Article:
How can offline retailers win in the“New Normal”
Over the past few years, hypermarkets in China struggled to grow as overall retail sales growth weakened. Kantar Worldpanel, the global leader in consumer panel insights, reported a mere 5.1% value growth in 2014, 3.5% lower than the previous year. Meanwhile, top 10 retailer groups grew only at 3.2% whilst the top 5 at grew 1.7%. As growth is becoming more difficult, what can modern trade retailers do to cope with China’s ‘new normal’?
Kantar Worldpanel’s business growth model revealed three key levers to obtain growth for retailers: number of shoppers, frequency and basket size. Below are four strategies retailers can take to return to growth.
Close poorly performing stores in high tier cities while investing in lower tier cities
As competition becomes more intense and rental, utility and labour cost rises continuously, large retailers have started to adjust their strategies and focus on lower tier cities. According to the statistics published by linkshop.com, 201 stores (department stores/supermarket) were closed in 2014, while in 2013, only 35 stores closed. Amongst all store closures, 178 were supermarkets / hypermarkets. At the same, the market also witnessed Walmart opening 25 new stores and most of them were in lower tier cities. Winning shoppers in lower tier cities is becoming the new growth engine for major brick-and-mortar retailers.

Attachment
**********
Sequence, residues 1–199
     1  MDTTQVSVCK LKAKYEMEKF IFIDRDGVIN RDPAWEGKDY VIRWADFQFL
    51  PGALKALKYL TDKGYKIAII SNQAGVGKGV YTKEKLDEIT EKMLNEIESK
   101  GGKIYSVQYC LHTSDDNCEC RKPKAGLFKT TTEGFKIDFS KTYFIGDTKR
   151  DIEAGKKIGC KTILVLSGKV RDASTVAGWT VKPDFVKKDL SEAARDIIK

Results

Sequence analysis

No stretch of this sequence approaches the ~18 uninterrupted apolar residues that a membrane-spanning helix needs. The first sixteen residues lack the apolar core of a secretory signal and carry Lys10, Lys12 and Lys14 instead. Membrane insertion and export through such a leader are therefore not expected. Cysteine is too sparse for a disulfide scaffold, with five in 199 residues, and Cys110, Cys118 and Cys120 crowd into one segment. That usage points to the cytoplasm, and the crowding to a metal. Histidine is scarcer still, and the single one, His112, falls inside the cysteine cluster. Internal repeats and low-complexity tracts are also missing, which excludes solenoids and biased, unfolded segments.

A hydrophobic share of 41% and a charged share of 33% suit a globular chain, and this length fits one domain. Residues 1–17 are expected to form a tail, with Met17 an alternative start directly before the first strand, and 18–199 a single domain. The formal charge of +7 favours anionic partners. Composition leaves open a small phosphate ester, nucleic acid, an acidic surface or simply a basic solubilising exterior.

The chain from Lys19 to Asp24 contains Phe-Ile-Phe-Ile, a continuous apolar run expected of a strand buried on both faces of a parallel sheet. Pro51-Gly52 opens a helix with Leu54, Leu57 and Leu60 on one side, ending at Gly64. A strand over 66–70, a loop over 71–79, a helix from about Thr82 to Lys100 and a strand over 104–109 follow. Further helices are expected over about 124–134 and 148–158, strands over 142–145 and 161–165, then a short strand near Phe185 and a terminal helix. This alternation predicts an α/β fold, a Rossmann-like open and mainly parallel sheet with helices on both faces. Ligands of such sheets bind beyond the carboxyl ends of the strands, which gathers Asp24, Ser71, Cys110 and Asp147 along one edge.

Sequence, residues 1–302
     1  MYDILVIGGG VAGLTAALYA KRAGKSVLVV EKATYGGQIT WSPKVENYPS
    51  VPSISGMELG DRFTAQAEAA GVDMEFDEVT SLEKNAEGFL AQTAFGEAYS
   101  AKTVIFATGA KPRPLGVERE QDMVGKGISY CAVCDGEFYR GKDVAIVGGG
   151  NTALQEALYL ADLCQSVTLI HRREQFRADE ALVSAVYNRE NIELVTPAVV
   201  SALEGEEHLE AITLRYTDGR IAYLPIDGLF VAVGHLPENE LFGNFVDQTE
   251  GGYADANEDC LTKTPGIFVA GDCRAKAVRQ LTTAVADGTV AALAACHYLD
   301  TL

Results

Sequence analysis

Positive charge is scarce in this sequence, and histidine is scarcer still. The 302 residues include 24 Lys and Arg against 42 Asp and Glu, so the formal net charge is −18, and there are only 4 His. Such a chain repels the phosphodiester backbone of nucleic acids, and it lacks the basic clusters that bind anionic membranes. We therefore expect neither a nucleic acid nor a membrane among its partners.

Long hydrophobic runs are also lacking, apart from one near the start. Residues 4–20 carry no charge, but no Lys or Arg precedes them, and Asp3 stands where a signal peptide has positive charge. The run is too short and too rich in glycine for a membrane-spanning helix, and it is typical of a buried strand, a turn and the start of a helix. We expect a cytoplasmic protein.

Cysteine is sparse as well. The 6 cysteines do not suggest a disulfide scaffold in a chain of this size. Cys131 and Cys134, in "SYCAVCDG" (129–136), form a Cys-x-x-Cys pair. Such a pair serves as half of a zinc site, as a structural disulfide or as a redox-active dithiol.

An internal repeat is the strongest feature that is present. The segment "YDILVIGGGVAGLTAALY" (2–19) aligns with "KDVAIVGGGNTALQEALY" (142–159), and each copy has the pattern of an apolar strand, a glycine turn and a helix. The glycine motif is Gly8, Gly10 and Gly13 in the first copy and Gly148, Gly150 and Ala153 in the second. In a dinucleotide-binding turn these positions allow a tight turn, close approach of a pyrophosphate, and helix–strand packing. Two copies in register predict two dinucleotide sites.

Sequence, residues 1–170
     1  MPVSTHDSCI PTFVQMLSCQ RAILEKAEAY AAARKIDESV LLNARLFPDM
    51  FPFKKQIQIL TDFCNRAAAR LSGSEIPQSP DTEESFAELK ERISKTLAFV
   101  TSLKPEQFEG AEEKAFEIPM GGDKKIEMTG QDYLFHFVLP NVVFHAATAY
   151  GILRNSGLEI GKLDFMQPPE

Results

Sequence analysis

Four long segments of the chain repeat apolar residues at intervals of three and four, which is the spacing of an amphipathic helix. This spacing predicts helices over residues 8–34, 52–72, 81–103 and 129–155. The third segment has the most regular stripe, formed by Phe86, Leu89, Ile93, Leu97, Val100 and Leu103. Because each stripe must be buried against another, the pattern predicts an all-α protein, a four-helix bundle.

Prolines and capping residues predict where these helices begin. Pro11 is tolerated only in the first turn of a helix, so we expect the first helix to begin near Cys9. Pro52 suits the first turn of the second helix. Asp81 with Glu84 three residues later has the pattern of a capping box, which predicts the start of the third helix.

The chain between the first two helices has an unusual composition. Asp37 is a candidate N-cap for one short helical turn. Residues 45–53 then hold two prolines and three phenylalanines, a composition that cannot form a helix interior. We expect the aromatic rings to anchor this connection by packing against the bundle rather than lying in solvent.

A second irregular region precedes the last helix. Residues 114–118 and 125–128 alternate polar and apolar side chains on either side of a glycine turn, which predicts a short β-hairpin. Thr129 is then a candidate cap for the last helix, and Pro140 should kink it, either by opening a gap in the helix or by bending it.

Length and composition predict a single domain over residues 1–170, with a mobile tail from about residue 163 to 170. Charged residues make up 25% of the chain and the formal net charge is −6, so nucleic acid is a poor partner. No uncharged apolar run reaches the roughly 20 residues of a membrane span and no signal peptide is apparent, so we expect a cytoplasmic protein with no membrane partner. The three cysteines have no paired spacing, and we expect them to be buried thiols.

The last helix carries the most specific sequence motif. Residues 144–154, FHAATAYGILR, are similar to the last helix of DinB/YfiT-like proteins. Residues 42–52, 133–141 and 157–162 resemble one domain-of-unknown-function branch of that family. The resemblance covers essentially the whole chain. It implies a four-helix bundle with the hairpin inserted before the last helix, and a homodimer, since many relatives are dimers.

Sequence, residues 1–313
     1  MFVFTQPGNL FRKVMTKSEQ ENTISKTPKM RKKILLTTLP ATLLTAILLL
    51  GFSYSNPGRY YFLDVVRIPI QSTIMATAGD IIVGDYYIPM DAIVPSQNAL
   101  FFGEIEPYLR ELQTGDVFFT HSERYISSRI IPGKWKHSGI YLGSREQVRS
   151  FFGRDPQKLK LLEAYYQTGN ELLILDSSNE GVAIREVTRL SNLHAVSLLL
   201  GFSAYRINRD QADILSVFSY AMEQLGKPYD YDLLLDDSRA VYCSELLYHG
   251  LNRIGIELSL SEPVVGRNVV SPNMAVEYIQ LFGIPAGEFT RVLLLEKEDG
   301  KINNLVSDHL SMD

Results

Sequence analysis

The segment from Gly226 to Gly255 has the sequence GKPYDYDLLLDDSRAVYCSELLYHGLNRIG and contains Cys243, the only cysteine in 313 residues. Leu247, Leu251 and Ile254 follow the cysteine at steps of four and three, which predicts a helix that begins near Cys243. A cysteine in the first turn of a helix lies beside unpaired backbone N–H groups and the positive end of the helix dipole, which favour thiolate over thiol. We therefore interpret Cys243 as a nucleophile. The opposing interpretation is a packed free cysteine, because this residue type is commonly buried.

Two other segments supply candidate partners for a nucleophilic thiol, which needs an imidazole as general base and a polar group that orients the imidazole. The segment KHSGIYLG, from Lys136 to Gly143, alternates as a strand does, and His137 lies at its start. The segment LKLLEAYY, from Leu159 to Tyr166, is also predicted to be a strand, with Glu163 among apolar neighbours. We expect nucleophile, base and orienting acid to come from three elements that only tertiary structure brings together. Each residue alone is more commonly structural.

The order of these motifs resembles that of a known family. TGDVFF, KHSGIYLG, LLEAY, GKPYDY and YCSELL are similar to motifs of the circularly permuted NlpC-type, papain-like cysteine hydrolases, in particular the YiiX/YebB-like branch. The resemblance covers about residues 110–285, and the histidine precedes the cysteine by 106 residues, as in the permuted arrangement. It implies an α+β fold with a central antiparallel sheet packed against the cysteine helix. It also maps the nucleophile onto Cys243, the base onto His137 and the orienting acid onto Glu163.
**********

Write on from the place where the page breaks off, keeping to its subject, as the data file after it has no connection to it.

The report released by Kantar Worldpanel up to Q1 2015 indicates that the top 10 retailers’ total share in the lower tier cities are substantially lower than in high tier cities and continue to slide. This means that regional/city champions in those city tiers hold definite advantages.
Of course, it is challenging to conquer the market place in the lower tier cities. There are 1609 cities in tier 4-5 city tiers, where 40% of the urban population resides. It is critical to strike a balance for national players between centralized management and meeting the different needs of local shoppers. Consequently, managing rapid store expansions while bringing high standard merchandise and service experience are fundamental to their successes.
Focus on fresh food to drive footfall
As private vehicles and high-speed internet become more widely available, more and more consumers tend to favour large shopping trips and online shopping while reducing their visits in hypermarkets. This presents bad news for hypermarket operators and also categories relying on impulse purchases. It is critical for retailers to maintain footfall.
Our study across consumer purchases of fresh foods and groceries indicates that vegetables and fruit are the most frequently purchased categories, with annual trips reaching 40 and 35 times in a year respectively through modern trade outlets. Despite changes in lifestyles, consumers will continue to value freshness and health. Modern trade stores provide more high quality and trustworthy fresh foods and also longer opening hours satisfy the shopping needs after work. Despite the slowdown in FMCG sales, fresh foods in hypermarket and supermarket maintained double digital growth, becoming the new opportunities embraced by all retailers.
Analyses from Kantar Worldpanel also suggests those retailers with stronger performance in fresh foods tend to perform strongly in the grocery sector. This highlights the importance of fresh foods to drive store traffic.
However, the fresh foods sector is also difficult to manage, especially in terms of stock and competitive pricing. Retailers need to improve their connection with supply chains and focus more on high value and ‘organic’ produce to grow profit in this sector while increasing consumers purchase on other categories through effective category management and cross-promotion. Fundamentally, fresh foods shall become a critical lever to realize the growth of total store business.
Drive per trip spending via permiumization and big-pack products